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Internal medicine

Internal medicine is concerned with the diagnosis and treatment of internal diseases, that is, those that affect internal organs or the body as a whole. A physician who practices internal medicine is, in the United States, an internist.

It is hard to define the boundaries between internal medicine and several other specialisms. In fact, in some countries all non-surgical specialisms are grouped conveniently with "internal medicine".

In the USA, there is some overlap between internal medicine and primary care (or family medicine), which is often practiced by internists.

In the UK, the specialism is still referred to as general medicine (although the combination general (internal) medicine can be found increasingly), and its practitioners are physicians or hospital physicians as distinct from surgeons.


The field on internal medicine came into existence mainly on the European continent. Until the late 18th century, medicine had been a thoroughly unscientific profession, ignorant of physiology and uninterested in experimental findings. Most medicine that was being practiced was based on the four humors and the writings of Galen and Hippocrates. There was very little interplay between "internal medicine" and surgery, which was being practiced by non-doctors.

A number of changes occurred at the end of the Enlightenment that would change the face of medicine. Perhaps the most vital one was the invention of the stethoscope by René-Théophile-Hyacinthe Laennec (1781-1826) around 1816[1]. Although doctors had listened to breath sounds before, by putting their ear to the chest of the patient, it became much more comfortable to do so with the stethoscope.

The "internal method" was developed almost completely in the Salpêtrière hospital in Paris, where a large number of very influential doctors practiced the art of diagnosis and prognosis (although they seemed to be much less interested in curing that patient). The method was based on a rigorous history and physical examination (this was before Rudolf Virchow's Pathology and Wilhelm Röntgen's X-rays). Amongst diseases that were originally described by Salpêtrière doctors are Multiple Sclerosis and Haemochromatosis.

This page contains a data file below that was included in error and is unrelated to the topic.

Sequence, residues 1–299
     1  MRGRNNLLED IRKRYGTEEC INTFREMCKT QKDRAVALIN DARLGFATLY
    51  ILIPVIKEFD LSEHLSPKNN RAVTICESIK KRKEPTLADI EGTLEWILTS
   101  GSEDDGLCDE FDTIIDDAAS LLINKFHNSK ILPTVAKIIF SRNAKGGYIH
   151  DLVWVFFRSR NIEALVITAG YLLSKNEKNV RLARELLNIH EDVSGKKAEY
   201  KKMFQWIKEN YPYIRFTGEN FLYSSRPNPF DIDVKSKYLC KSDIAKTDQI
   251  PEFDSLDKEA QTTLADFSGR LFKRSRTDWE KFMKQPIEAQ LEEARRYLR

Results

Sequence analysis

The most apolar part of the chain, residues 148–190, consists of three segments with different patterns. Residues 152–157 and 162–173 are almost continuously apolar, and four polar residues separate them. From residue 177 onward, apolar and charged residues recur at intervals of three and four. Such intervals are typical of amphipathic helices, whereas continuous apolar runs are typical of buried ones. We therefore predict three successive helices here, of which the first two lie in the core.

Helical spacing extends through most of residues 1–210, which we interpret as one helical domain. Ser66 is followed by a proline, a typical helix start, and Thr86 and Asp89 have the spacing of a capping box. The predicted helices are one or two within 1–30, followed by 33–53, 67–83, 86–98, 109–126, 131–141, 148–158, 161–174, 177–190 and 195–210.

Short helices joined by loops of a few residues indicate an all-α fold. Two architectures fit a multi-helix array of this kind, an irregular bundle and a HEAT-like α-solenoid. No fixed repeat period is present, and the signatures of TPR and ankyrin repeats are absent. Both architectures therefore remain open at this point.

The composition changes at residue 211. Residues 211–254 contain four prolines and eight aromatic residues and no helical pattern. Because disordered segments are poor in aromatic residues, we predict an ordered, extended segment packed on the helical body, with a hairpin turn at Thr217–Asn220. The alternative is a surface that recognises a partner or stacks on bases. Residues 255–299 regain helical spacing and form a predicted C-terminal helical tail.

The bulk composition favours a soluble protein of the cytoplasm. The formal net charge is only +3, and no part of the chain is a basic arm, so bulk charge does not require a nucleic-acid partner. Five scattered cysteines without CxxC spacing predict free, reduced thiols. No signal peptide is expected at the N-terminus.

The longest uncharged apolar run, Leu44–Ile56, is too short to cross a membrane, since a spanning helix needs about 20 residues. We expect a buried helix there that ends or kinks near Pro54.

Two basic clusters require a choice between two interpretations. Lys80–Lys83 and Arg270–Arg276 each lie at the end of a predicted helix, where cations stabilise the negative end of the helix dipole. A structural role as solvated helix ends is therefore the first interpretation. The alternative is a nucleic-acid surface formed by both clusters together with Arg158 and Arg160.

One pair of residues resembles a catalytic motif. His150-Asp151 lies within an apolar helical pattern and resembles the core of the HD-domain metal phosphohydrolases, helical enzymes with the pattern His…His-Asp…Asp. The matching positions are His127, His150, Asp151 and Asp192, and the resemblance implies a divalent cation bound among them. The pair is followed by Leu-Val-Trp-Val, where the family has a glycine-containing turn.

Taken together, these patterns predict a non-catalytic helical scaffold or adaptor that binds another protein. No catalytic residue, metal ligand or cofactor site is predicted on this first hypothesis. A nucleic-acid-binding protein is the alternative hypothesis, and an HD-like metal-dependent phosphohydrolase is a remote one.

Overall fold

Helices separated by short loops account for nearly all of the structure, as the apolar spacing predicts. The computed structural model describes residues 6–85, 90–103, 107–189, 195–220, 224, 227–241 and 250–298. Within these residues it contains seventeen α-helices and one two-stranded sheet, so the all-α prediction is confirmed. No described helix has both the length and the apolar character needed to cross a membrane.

The "internal method" was later perfected by Sir William Osler and is practiced to this day.


The main tools of the doctor are the medical history and the physical examination, but this holds particularly true for internal medicine. Subtle descriptions of disease (e.g. cyclic shallow and deep breathing, as in Kussmaul's respiration) or physical signs (e.g. clubbing in many internal diseases) are important tools in guiding the diagnostic process. In the medical history, the "Review of Systems" serves to pick up symptoms of disease that a patient might not normally have mentioned, and the physical examination typically follows a structured fashion.

At this stage, a doctor is generally able to generate a differential diagnosis, or a list of possible diagnoses that can explain the constellation of signs and symptoms. Occam's razor dictates that, when possible, all symptoms should be presumed to be manifestations of the same disease process, but often multiple problems are identified.

In order to "narrow down" the differential diagnosis, blood tests and medical imaging are used. They can also serve screening purposes, e.g. to identify anemia in patients with unrelated complaints. Commonly performed screening tests, especially in older patients, are an X-rays of the chest, a full blood count, basic electrolytes, renal function and blood urea nitrogen.

At this stage, the physician will often have already arrived at a diagnosis, or maximally a list of a few items. Specific tests for the presumed disease are often required, such as a biopsy for cancer, microbiological culture etc.


Medicine is mainly focused on the art of diagnosis and treatment with medication, but many subspecialties administer non-surgical treatment:

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